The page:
Harwood’s output of the 1960s is prodigious; 116 pages of the 500 pages of his Collected Poems were produced before he turned 30, in 1969. Exercises in extended New York mode suggest Harwood was in danger of becoming a card-carrying member of an already fading avant-garde. The death of Frank O’Hara in 1966 might be thought emblematic of its demise, despite the rise of the genius of the second generation, Ted Berrigan, and – in the 1970s – Ashbery’s rise to fame. (It’s difficult to remember a time when nobody was interested: but the 1970 Penguin Modern Poets, with Ashbery, Harwood and Tom Raworth rubbing shoulders, was a pariah volume in its day!) Harwood mirrors the insistent jocular name-checking, as well as the casual enjambment, of the school, but utters a longing for a British precursor, F.T. Prince:

Ted Berrigan has met Edwin Denby.
I don’t know anyone who’s met F.T. Prince.
I wish I could meet F.T. Prince.

Ironically, it was Prince – a stylish British poet admired by Ashbery – who issued the warning (when they did meet) that Harwood was ‘pattering on’. Harwood realised the danger: ‘You get a tone of voice going, and it’s very elegant and witty … and then it comes out as yards of material which you just reel off.’ This account is, however, slightly reductive. The best poems in The White Room extend their range beyond standard New York work into fictions about colonial vanity, military and naval disasters, outback life, the Wild West, the Muslim East - Harwood has spoken of these as modern mythologies - and even about the nature of poetry itself. Poets, characteristically for Harwood, ‘only ever fail, miserably –/ some more gracefully than others’, which is at least a better credo than the bitter Beckettian one of failing better, I feel, with the inclusion of that camp ‘grace’.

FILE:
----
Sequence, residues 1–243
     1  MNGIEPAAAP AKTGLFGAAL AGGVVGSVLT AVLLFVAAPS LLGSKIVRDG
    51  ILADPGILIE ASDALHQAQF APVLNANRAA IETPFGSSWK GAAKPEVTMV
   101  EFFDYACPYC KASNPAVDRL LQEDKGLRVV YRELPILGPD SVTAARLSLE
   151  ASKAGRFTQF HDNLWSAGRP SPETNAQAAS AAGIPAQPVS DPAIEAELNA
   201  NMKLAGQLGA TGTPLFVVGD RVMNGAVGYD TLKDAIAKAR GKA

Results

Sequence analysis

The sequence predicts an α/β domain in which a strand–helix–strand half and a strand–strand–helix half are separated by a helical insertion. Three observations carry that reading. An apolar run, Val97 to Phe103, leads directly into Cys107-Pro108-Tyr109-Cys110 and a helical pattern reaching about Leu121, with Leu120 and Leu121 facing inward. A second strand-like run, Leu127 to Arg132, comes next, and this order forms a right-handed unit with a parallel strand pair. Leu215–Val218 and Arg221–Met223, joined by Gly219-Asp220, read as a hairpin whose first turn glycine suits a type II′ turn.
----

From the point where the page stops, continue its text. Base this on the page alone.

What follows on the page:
One later work, The Sinking Colony, is a poem which offers up those British certainties to a textual disruption so great that they begin to turn into their opposites, into pastoral or romance, while yet the terror still pervades the text, the worse for being undefined. It is almost as although the words are punctuating silence, or scissored page space; it was influenced specifically by Ashbery’s collage ‘Europe’, a text which has tended to embarrass critics who want to turn him into a Wallace Stevens for our time. So in a sense, Lee followed the wrong John Ashbery.
But I also remember Lee Harwood being asked at a reading (somebody must have read an Ashbery poem) why there were narcissi in both poems (from the mid-1960s). Lee answered, ‘We were looking at the same landscape,’ which suggests the immediacy of the writing collaboration.
I only met Ashbery once, and for a brief moment, before a reading was about to begin: I had barely enough time to clock those blue eyes.

Robert Sheppard

PS This piece is a bitzer put together for the occasion but Ollie Hazzard has considered the Ashbery-Harwood (and Prince) nexus in more detail here:

My review of Lee Harwood's Collected Poems in two parts here and here. On later works here; on recent works here. And an earlier gift to him here. A later 'Laugh' with Lee Harwood may be read here.

Access obituaries here. And news of the British Library Harwood Archive here. And a piece i.m. here.